• Work is sub-divided into “commits.” When worker A has completed a task to their satisfaction, they then “commit” that work to their local copy of the project. Note that the work is still not integrated with worker B’s work.
  • Commits should be small. Large commits are harder to integrate, and are thus discouraged. Thus, worker A and B plan their contributions accordingly so that they produce many small commits.
  • There is a “master” version of the work, similar to a multi-track master for an audio recording, which contains the sum of all past commits. When a worker begins changing the project, he updates his local copy of the “master” branch, and then creates a new branch off of this local copy of master where he will do his work and create commits as he completes it.
  • master is not a stable, static thing – it is changing constantly as others complete work. When worker A is done, he will integrate or “merge” his changes back into the master branch. Here he must fetch whatever other commits have been “merged” by worker B, C, D, E, F, etc. This may trigger an event requiring him to consider how his changes should be integrated with everyone else’s work before it will be pushed out for distribution to the rest of the company.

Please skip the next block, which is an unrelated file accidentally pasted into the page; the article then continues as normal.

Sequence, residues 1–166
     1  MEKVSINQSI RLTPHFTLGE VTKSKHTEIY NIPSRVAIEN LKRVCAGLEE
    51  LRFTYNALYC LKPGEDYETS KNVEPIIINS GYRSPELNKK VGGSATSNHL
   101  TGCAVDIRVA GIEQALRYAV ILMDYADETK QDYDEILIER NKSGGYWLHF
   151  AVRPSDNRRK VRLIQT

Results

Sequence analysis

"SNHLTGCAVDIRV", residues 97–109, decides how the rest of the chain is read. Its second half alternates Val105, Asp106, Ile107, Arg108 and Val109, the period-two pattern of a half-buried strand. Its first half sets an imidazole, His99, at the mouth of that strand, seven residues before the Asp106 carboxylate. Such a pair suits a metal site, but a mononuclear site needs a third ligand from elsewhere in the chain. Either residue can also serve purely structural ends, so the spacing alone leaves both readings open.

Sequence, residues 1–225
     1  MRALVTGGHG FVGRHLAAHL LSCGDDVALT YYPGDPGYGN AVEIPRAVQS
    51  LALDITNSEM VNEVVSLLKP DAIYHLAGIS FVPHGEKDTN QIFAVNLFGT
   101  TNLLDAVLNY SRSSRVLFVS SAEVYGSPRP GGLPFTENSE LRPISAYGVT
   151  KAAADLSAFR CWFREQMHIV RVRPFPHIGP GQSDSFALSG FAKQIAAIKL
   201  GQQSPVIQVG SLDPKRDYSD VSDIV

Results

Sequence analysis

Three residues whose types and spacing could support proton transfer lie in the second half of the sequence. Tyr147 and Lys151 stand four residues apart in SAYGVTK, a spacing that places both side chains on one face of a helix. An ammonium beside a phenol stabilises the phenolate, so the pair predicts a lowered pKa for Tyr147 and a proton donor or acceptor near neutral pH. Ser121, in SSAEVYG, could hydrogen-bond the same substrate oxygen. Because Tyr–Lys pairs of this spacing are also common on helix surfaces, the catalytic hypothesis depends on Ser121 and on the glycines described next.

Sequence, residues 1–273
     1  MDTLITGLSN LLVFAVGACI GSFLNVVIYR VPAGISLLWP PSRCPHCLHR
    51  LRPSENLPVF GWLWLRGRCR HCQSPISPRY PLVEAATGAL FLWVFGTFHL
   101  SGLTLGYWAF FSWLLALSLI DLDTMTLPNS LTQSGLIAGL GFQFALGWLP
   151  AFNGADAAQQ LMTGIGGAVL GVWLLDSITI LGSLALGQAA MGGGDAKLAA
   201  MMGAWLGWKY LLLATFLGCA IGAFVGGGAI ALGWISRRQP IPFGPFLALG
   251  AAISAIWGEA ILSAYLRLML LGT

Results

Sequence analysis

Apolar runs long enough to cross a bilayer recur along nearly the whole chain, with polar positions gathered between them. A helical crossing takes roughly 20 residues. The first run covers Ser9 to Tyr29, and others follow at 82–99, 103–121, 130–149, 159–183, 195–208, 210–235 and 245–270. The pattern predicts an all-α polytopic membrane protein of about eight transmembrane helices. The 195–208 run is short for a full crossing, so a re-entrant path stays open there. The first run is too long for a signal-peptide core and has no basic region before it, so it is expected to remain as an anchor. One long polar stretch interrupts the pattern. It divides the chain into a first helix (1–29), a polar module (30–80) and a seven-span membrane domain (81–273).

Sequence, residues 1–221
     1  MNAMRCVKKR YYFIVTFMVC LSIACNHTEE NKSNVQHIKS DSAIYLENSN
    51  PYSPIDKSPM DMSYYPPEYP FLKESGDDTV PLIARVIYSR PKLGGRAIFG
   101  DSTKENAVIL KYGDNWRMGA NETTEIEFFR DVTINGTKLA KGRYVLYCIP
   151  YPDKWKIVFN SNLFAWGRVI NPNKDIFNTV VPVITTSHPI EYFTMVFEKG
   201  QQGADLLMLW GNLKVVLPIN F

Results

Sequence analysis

All of this is accomplished through a clever use of a graph data structure and hashes. If you’re interested in learning more, I suggest getting a book about how Git’s internals work.

Taken together, Git’s features allow worker A to work on a small piece of the total project without coordinating with worker B, and yet also ensures that worker A’s hard work will be integrated into the project. Hopefully you can see why this system is ideal for remote work.

Software people, I think, underestimate how powerful source control really is. I greatly doubt that lawyers, accountants, or civil servants have a similarly sophisticated method of working independently.

My Quixotic Quest for Digital Security

It’s no secret the internet has gotten a lot scarier in recent years. When crime in your area goes up noticeably, it’s rational to invest in a new security system. So why not do the same with our digital lives? This impulse began my attempts at hardening my digital security.